The Thoracic Program provides pilot funding for the conduct of basic, translational, or clinical research on the cause, prevention, detection, control, or treatment of lung cancer. Funds support projects from individual investigators or collaborative teams. Original cancer-related projects with the potential to develop into independent R01 grants are encouraged. Current Pilot Project awardees are eligible to apply for an additional year of funding. Grants from $25,000 to $50,000 in total costs are awarded for a one-year period.
The Hematology Helping Hands Fund was started in 2007 at the request of philanthropic donors to provide financial aid for patients undergoing stem cell transplant. The program has evolved over the last eight years and now allows for 25 percent of the funds to be used for research projects. RFAs are distributed to cancer center members. Applications are peer reviewed and awards in the range of $10,000 to $20,000 per awardee are granted. In addition, important pilot projects which are aligned with cancer center mission and felt to be at high yield for federal funding are supported.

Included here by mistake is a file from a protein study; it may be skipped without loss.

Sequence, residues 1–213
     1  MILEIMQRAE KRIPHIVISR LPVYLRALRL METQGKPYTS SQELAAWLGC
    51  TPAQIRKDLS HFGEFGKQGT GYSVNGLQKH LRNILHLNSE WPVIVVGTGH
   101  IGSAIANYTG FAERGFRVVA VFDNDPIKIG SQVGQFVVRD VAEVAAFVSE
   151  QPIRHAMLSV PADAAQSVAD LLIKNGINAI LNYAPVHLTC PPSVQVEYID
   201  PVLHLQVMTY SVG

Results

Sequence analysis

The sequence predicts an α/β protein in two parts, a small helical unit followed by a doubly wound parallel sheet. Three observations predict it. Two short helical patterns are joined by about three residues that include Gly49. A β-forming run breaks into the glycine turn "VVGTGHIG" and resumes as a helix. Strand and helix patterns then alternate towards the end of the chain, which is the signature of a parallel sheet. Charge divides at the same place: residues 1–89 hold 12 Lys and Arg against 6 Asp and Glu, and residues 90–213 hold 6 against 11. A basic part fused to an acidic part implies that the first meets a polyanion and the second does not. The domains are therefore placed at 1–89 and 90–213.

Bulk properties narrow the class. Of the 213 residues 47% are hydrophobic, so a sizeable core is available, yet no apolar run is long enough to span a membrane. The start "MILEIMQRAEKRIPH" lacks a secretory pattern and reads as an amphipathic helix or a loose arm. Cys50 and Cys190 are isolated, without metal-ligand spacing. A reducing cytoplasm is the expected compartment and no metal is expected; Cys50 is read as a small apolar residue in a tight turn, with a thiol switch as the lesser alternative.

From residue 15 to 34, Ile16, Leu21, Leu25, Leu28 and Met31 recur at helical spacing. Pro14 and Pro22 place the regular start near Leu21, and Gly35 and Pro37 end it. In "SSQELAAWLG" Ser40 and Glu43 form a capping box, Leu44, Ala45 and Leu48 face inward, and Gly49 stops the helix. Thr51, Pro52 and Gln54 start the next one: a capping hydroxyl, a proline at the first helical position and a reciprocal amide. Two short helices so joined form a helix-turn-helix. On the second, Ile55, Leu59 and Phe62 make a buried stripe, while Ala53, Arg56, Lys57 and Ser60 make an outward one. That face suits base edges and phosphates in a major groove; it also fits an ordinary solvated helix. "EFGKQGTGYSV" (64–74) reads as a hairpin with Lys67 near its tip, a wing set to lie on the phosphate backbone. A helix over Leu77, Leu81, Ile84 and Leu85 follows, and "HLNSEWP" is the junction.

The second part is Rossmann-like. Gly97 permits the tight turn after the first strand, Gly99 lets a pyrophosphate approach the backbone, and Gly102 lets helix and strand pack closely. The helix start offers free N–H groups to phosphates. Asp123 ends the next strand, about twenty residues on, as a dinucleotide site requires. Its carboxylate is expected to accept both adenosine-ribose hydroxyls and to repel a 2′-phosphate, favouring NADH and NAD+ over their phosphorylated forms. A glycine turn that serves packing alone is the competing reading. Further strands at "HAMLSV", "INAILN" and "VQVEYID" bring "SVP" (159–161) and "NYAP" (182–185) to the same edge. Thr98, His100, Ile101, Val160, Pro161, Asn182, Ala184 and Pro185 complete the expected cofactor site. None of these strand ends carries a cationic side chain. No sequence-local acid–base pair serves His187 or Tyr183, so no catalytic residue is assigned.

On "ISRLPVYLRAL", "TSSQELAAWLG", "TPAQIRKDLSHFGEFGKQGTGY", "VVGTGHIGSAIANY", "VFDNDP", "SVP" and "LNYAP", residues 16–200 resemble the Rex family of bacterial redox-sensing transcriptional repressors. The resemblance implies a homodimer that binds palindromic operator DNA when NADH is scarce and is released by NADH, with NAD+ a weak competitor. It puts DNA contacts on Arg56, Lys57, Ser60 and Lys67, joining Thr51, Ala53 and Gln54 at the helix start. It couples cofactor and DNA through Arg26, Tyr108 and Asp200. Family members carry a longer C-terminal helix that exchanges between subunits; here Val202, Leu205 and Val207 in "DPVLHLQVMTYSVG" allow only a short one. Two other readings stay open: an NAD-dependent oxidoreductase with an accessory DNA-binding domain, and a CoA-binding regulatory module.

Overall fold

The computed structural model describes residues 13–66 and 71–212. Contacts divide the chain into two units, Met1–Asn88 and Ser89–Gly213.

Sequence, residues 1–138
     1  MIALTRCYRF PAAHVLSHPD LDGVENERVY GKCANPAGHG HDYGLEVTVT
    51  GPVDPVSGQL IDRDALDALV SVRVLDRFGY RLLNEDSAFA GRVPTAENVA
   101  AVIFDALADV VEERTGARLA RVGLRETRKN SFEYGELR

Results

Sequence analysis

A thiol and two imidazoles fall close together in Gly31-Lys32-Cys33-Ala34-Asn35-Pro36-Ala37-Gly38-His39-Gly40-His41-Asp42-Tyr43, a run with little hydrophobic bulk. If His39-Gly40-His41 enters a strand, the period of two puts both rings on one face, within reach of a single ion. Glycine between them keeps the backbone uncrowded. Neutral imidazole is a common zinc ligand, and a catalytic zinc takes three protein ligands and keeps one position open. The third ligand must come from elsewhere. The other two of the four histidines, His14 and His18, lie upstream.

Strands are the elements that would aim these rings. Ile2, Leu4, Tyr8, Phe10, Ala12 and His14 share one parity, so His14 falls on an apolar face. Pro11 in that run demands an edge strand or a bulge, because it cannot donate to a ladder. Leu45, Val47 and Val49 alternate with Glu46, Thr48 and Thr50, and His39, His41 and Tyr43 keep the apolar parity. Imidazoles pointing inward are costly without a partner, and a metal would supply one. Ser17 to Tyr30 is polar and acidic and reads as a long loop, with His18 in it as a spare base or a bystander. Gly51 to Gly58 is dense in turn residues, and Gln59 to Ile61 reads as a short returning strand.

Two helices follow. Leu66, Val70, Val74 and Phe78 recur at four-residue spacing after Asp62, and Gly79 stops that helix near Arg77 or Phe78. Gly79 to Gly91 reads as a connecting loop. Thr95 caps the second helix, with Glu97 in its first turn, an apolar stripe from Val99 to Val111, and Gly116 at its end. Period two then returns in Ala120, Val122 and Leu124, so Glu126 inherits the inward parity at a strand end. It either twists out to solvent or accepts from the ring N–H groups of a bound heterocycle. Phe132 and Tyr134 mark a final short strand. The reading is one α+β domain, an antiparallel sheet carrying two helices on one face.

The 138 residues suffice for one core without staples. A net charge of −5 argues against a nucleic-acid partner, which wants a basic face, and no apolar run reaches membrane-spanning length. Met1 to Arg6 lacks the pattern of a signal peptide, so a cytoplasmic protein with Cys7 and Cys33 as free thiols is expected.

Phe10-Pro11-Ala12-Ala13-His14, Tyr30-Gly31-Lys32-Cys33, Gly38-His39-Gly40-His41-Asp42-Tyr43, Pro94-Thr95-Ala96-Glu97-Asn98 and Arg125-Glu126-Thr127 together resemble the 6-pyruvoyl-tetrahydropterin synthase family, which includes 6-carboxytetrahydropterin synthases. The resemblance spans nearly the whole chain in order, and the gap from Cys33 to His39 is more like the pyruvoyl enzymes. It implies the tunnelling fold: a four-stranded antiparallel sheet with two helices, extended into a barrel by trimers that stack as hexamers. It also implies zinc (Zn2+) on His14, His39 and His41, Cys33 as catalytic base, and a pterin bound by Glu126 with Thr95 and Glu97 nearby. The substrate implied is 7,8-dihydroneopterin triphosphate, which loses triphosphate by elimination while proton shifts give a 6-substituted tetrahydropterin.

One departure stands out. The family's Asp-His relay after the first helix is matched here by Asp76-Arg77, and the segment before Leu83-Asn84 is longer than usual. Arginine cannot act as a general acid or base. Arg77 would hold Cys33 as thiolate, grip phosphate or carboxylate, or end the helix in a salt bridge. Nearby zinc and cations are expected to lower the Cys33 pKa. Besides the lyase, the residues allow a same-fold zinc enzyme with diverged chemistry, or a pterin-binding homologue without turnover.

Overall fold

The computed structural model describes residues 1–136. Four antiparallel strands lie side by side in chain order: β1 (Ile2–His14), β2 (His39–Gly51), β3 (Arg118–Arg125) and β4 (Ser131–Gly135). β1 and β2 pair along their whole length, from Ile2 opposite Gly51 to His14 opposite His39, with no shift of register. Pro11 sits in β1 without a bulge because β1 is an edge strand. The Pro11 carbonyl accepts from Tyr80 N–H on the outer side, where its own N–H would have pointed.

The VICC Ambassadors are the next generation of philanthropists committed to winning the battle against cancer by awarding Discovery Grants to promising young researchers at the Vanderbilt-Ingram Cancer Center. Discovery Grants allow skilled researchers to pursue exciting discoveries in basic and clinical science—aiding our understanding of disease processes and leading to better methods of prevention, diagnosis and treatment. For Vanderbilt physicians and scientists this funding not only yields early results, it helps develop the ideas that grow to large federally funded projects aimed at transformative breakthroughs in care. Three grants of $50,000 each are awarded every fall.